It's one thing for the Angels to voice enthusiasm over the suddenly impressive harvest of a long-dormant farm system.
It's quite another to hear it from the Dodgers. That's like Macy's applauding Gimbels.
Mel Didier, the Dodgers' special assignment scout who has been watching the Angels with intriguing persistence this spring, said the other day, "This is the best crop of young players I've ever seen in an Angels' camp. Five or six of them have a real chance."
The ones Didier mentioned are third baseman Jack Howell, center fielder Devon White and second baseman Mark McLemore, who at 20 batted .295 for Class A Redwood last year, stealing 59 bases and winning his teammates' vote as Most Valuable Player.
With the decisions still far off and the exhibition schedule to be played, a morning-line handicap of the farm products most likely to make the club might look like this:
1--Craig Gerber, 26, who played at Cajon High in San Bernardino and Cal Poly SLO. Gerber hit only .230 at Edmonton but won a Silver Glove as the best fielding shortstop in triple-A baseball last year. It's unlikely that the Angels will open the season without a reserve shortstop and Gerber is the only apparent candidate. Gerber also plays second base and center field.
2--Pat Clements, 23, a left-handed pitcher who attended UCLA and was 4-2 with nine saves in his first year of relief pitching at double-A Waterbury last year. Manager Gene Mauch wants a left-hander in the bullpen, and Clements will be given a long look before the club considers a trade.
3--A tie among right-handers Kirk McCaskill, 23, who was 7-11 at triple-A Edmonton, and Rafael Lugo, 22, who was 13-8 at double-A Waterbury, and left-hander Bob Kipper, 20, who was 18-8 at Class A Redwood. This threesome is vying with veteran Tommy John for the fifth spot in the starting rotation. Each has the advantage of earning a light salary at a time when the club seems intent on dumping high-salaried veterans whose continued worth is suspect.
The hit parade stopped last year for the team once known as Bambi's Bombers and Harvey's Wallbangers.
The Milwaukee Brewers' sudden anemia stemmed, to a great extent, from the loss of third baseman and leadoff man Paul Molitor, who had 365 hits in 1982 and '83.
Molitor injured his right elbow late last March, appeared in 13 regular-season games, and had surgery May 21. A tendon was taken from his left forearm and transplanted to replace a damaged ligament in the elbow.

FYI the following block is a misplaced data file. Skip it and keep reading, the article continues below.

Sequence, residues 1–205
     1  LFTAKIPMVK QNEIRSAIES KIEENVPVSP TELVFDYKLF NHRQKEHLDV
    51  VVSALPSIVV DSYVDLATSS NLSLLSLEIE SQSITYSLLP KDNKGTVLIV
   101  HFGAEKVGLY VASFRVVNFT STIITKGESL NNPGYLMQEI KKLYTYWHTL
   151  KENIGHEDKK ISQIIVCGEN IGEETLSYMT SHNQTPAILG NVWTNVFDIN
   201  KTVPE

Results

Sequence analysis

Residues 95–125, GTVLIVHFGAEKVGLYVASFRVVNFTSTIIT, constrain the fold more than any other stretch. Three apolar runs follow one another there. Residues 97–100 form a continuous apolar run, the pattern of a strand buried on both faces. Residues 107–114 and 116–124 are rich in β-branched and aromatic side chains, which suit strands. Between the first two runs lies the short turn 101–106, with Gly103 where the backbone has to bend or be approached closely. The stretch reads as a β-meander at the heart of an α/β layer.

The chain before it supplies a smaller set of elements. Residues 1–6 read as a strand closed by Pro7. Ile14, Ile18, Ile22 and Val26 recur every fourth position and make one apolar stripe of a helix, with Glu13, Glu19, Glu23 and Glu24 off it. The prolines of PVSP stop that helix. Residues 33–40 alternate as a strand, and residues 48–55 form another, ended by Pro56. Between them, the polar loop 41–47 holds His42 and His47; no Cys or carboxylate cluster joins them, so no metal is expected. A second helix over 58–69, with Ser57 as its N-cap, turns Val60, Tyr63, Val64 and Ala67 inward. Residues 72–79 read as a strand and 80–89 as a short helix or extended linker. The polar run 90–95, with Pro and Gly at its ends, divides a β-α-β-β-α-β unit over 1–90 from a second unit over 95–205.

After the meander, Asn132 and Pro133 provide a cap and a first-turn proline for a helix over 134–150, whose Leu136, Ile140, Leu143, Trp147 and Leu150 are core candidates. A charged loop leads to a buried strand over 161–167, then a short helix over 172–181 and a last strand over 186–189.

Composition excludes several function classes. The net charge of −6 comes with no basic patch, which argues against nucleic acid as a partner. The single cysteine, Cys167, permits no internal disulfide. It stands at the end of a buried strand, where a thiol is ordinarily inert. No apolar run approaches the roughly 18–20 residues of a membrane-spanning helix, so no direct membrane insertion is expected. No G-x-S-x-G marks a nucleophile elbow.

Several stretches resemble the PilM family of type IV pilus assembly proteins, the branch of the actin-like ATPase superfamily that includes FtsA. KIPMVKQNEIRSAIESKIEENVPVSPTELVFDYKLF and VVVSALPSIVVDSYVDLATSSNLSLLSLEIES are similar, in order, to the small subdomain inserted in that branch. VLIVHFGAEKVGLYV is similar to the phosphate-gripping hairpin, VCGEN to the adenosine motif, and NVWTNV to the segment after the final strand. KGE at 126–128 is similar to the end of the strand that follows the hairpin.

The surgery was pioneered by Tommy John, whose rehabilitation required 16 months. Don Aase had the same operation and needed 15 months. Molitor is now confident he can do it in nine. He hopes to play opening day, pointing out that he doesn't put the same stress on the elbow that a pitcher does.
"I can play now," Molitor told a reporter for the Arizona Republic the other day. "The question is how it's going to be on a day-to-day basis. Will I be able to play five days in a row? Is cold weather going to be a problem? Some of the questions are still unanswered and I have to accept that it's going to be like that for a while."
Former Angel Jerry Remy, the Boston second baseman who has two years left on his contract, at $460,000 per, is apparently through at 34. Five operations have left his left knee an empty shell.
The sad irony is that the career of Remy's buddy and former teammate, Angel Rick Burleson, is also in jeopardy. Burleson's long struggle to return from a pair of rotator cuff tears was compounded on New Year's Eve when he dislocated a shoulder lifting weights.
Remy said the other day, "Maybe Rooster and I can manage against each other some day."
Manager Sparky Anderson is saying that he must get improved production from the big seven--Alan Trammell, Lou Whitaker, Larry Herndon, Chet Lemon, Kirk Gibson, Lance Parrish and Darrell Evans--if the Detroit Tigers are going to repeat in the dynamite East. The Tigers won a remarkable 111 games last year, including seven in the postseason, even though the combined production of the big seven was a shade below their career averages. The seven combined last year for 130 homers, 496 runs batted in and a .276 batting average. Sparky calculated their career averages, combined them, and got 135 homers, 498 RBIs and a .280 batting average. . . . Dr. Ron Taylor, a former big league pitcher and now team physician for the Toronto Blue Jays, thought about the three-year, $4-million contract Toronto recently gave relief pitcher Bill Caudill and said: "If I had made that much, my first wife never would have left me." . . . New York Yankee center fielder Omar Moreno has an incentive clause providing him $214.29 every time he goes to bat, but he doesn't figure to go often, now that Rickey Henderson is in center, Dave Winfield is in left and Ken Griffey is in right. . . . And can it be that the Yankees have found peace in our time? So far the players have shown a willingness to observe owner George Steinbrenner's request that they resist airing their squabbles in the media. Steinbrenner has been equally quiet, saying that he finally understands that exhibition games are designed for conditioning rather than winning. . . . The Chicago White Sox are trying to prevent the April slump that their emerging superstar, Harold Baines, has experienced in each of his five seasons. Baines will play regularly this spring in a bid to generate a fast start. He has a career total of only five homers and 40 RBIs in April. He's hit .137, .204, .261 and .264 twice. . . . Oakland has started 19 different shortstops since Bert Campaneris left in 1977. Alfredo Griffin, obtained from Toronto in the trade for Caudill, may stop the revolving door.